Up until a while ago, the dominating trend in wildlife photography was shooting tight, delivering images that showed the animal up close, whether they were portraits or action shots. While tight shots are by all means still relevant and utilized by photo editors, a more recent trend has been that of the so-called environmental portraits, that is photographs that show the animal not in isolation but in the broader context of the ecosystem it is a part of.
There certainly is merit in this trend, in that through such images viewers take in much more about the animal than they could from a tight shot. Viewers have a better and more visual idea of the conditions and the geography the animal lives in: in other words, they get a more complete story about the subject.
The above image of an arctic fox (Alopex lagopus) in the barren lands in proximity to the shores of the Hudson Bay (Canada) exemplifies the notion of an environmental shot. I will post in the future closer images of the same species that show the animal’s body features from up close (if you are interested, you can view a selection of them right away on my Web site), but this photograph immediately tells you what animal we are talking about as well as something about the environment it lives in and its camouflage ability.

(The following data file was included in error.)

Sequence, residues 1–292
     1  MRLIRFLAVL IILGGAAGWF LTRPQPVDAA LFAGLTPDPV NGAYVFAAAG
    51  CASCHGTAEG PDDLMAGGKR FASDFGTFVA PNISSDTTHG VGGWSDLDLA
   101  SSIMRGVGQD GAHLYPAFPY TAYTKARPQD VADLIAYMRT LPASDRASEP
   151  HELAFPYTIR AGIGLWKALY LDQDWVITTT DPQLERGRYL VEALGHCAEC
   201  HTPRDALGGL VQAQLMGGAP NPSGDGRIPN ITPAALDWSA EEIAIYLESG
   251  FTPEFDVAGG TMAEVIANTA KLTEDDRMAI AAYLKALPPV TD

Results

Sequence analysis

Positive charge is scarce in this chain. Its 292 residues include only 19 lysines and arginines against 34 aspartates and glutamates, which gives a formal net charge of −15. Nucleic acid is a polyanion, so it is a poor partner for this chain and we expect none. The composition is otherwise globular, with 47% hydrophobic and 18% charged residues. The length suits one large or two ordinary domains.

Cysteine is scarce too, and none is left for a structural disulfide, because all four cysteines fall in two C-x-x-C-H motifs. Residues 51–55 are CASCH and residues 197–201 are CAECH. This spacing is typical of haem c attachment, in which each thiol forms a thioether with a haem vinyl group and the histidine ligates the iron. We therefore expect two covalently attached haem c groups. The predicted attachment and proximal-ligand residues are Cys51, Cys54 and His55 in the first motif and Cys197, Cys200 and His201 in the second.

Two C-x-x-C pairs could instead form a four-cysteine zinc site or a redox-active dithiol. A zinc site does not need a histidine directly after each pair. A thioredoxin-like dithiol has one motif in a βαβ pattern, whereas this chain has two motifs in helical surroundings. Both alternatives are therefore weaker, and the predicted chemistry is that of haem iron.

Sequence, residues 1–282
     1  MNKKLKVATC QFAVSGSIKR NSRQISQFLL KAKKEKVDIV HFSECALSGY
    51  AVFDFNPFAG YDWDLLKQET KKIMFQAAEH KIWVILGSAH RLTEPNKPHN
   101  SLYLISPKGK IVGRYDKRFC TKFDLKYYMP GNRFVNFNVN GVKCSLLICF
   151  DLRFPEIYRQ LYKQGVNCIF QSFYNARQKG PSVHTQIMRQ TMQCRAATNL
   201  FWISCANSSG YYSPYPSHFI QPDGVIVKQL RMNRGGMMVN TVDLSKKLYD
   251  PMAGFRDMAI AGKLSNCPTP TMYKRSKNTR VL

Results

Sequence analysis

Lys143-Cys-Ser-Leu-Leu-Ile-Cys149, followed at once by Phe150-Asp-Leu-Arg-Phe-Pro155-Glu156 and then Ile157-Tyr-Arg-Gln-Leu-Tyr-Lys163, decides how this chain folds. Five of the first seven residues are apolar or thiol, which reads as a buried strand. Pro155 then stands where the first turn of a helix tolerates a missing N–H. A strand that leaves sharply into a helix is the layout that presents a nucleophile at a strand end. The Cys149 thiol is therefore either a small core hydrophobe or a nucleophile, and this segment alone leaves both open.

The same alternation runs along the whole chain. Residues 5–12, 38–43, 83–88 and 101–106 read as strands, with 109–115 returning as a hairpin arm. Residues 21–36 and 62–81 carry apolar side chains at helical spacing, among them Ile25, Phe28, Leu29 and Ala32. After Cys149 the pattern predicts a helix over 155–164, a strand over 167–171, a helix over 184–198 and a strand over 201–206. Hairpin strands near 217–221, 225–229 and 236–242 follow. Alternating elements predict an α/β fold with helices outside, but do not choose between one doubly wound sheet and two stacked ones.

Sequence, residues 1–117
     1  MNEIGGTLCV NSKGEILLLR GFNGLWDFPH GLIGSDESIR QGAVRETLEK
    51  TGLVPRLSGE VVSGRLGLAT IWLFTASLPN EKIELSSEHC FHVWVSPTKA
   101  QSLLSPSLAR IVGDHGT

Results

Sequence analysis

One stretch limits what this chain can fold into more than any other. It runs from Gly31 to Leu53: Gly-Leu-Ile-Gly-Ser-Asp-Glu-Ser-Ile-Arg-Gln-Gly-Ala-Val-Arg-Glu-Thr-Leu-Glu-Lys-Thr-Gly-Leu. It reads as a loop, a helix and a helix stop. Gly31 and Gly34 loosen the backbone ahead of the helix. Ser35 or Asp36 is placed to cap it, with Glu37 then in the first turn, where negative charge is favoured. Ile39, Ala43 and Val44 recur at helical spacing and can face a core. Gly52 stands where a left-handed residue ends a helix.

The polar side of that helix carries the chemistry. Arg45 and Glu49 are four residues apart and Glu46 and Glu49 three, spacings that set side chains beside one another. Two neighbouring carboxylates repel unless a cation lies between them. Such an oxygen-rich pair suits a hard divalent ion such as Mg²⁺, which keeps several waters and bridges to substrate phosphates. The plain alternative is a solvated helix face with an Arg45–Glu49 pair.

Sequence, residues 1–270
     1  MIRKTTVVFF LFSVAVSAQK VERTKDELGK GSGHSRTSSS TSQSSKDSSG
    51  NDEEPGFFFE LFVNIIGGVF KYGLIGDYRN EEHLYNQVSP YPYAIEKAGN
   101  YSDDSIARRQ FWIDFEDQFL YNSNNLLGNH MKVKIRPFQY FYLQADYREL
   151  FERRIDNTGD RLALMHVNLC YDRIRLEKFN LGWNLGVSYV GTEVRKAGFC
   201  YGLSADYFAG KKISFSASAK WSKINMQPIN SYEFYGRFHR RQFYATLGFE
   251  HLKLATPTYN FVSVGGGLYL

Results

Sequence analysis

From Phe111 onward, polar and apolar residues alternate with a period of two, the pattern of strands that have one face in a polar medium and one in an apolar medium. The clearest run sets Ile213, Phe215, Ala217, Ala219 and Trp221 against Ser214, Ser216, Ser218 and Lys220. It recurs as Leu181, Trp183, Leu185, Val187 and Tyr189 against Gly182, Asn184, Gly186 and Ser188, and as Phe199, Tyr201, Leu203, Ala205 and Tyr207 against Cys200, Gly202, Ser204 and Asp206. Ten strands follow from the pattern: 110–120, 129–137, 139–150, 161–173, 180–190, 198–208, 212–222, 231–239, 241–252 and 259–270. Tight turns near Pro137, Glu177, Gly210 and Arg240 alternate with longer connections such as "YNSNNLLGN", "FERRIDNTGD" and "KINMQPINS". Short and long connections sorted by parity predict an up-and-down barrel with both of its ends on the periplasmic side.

So, if you are pulling together your wildlife photography portfolio, it is a good idea to include both tight shots and environmental portraits, so as to add some variety and tell a more compelling story about your subjects.
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